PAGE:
There are a lot of high-paying jobs out there that rely heavily on those who have incredible talking and communication skills. From the CEO of a giant tech company to exit planner for mergers & acquisitions to the press secretary of the United States, the world of opportunities opens up to those who love to speak.
Although you might be used to loving speaking and having the confidence to speak, this isn’t true for everyone, and so your skill might be somewhat of a rarity that employers will love to get a grasp of, so be sure to make use of this and apply where you see fit!
If you’re someone who enjoys talking and relaying information and simply being an ultra-active and communicative member of your workplace, then some of these might be worth considering below.
- Human Resources Specialists
Off the top, one of the best jobs for those who love to communicate is a role in human resources.
You will find that in your day to day you will work with a number of people to guide them through typical HR procedures for your workplace.
Added to this, a lot of team members will come to you for assistance and with questions related to the workplace, and you may often need to mobilise a workplace or organise meetings and talk to entire departments regarding issues.
You will need some form of formal education for these roles, though flexible online courses like those from Monarch make it quite easy to fit these classes into your daily workflow.
- Public Relations Expert
If there is one role that demands you be fantastic at communicating and speaking, it is a public relations role.
As someone who works in public relations you will almost always be on the phone or in a meeting with someone or a tonne of people talking through strategy to help form and mould a business’s image. Whether these people are investors, consumers or government personnel and even reporters, you and your briefings will often be their first point of contact, which will mean that you’re sometimes the face of a brand’s PR too.
Another job that is fantastic for those who love to speak is the reporter.
Depending on the role you find yourself in, you may be working alongside and questioning a tonne of high-profile people as well as some people just living their everyday life.
Essentially you are going to be someone who interviews and talks with countless people to form well-rounded stories about a specific scandal or topic and this involves a lot of speaking, investigation and interviewing.
For these roles you may be required to have some form of formal education.
- Event Planners
It is no secret that planning an event takes a tonne of people, and as the event planner you’ll be working to communicate and speak with as many of these people as possible.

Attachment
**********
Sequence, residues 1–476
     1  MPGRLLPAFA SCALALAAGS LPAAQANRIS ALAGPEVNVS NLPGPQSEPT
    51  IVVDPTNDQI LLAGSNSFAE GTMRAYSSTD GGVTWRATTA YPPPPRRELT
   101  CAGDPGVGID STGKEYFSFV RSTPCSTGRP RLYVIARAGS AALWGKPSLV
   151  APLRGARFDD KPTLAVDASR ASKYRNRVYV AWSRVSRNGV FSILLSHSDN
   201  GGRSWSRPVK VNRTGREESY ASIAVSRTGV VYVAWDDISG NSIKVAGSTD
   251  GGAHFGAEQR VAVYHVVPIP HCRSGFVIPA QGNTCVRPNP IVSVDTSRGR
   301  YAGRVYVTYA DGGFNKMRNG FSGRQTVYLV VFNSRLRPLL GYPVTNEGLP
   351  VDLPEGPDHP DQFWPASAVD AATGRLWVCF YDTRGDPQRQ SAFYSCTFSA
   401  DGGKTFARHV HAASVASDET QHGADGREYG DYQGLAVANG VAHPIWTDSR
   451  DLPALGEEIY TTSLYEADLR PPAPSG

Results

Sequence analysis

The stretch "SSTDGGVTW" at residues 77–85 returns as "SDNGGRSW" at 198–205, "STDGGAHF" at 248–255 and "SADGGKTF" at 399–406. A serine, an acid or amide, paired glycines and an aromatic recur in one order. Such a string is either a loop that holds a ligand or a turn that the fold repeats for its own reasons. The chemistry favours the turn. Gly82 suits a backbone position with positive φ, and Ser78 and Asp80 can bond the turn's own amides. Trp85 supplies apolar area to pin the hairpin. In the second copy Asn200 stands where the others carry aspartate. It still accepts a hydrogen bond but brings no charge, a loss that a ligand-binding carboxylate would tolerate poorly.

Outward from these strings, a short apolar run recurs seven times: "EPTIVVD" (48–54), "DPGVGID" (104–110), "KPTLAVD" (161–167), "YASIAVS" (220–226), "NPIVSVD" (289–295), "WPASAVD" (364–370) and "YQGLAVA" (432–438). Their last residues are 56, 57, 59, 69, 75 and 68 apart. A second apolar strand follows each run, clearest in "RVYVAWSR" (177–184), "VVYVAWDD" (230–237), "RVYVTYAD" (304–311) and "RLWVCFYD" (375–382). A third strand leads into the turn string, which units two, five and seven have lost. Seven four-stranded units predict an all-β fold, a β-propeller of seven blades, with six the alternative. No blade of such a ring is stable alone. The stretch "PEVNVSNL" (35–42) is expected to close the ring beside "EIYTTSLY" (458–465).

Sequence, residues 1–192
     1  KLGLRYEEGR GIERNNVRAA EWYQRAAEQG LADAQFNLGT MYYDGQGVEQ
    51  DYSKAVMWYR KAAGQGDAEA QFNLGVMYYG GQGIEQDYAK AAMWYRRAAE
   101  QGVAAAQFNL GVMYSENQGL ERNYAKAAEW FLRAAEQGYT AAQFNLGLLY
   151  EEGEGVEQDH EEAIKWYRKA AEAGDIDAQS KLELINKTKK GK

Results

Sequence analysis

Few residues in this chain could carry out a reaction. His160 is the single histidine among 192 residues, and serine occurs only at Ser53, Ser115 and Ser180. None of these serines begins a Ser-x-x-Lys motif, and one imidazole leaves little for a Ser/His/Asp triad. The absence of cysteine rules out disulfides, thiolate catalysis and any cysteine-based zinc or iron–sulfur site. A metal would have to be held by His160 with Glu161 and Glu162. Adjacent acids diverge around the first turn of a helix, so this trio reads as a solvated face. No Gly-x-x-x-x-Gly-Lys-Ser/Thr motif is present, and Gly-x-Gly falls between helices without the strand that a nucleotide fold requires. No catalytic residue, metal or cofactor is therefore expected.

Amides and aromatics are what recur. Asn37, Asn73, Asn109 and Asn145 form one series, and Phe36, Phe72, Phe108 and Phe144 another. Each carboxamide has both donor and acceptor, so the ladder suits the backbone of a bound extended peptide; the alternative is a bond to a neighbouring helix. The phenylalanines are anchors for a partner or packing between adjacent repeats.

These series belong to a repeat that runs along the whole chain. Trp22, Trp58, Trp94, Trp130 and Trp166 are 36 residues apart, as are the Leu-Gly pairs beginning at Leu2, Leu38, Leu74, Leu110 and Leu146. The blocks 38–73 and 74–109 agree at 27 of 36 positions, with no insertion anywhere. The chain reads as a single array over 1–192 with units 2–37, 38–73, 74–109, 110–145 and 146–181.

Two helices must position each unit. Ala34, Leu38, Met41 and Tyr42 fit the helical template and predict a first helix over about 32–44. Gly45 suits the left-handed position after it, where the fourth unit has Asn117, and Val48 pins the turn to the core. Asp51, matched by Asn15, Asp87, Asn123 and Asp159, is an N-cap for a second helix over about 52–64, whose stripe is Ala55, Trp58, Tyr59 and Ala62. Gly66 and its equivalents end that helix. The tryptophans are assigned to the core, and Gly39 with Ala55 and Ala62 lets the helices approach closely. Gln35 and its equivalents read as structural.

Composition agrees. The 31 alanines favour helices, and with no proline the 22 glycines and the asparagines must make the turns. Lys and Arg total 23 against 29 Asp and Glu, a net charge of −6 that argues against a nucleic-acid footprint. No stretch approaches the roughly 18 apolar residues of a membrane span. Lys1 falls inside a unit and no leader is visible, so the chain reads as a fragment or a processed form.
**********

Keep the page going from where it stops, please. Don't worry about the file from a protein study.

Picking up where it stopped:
Whether it’s an event for a corporation, a wedding, school or anything else, you will find yourself the main man or woman behind organising everything from food, music, seating, venues and more.
You will also need to regularly convene with your clients who are hosting the event to update and relay information about the event upcoming, and this means more speaking and planning.
- Customer Service Representative
One of the more love or hate roles on our list is the customer service rep.
These types of roles, though front-facing, will require a lot of speaking with customers through any issues or questions they may have when it comes to the company you’re working for.
If you’re someone who loves speaking, you will have your chance in your day to day role to work with clients and customers and talk them through purchase decisions or working to develop a discount for them.
These roles also require listening skills and problem solving skills too.
To our final job, the receptionist role is another fantastic consideration for those who enjoy meeting new people and talking them through the process that’s about to unfold.
Whether for a clinic, store or anywhere else, you will be the face of the business and that means a smile and positive attitude will need to come with your love speaking to customers and clients. In a lot of businesses, a receptionist’s daily tasks can include things such as bookings and sales support too, and this means you will have the chance to do more than just check in customers or patients, for example, and be able to be a little more hands-on with your work.
These roles are often both phone and desk-based, so a good ability to speak and listen over the phone and face to face is needed here.